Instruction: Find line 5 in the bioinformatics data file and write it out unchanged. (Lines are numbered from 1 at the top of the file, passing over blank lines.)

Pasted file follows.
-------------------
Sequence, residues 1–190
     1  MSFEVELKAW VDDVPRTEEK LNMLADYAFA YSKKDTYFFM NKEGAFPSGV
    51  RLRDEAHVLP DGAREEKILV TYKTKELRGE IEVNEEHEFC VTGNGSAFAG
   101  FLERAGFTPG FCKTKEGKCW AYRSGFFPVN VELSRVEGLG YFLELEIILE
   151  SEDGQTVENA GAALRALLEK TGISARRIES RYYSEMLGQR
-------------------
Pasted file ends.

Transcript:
   151  SEDGQTVENA GAALRALLEK TGISARRIES RYYSEMLGQR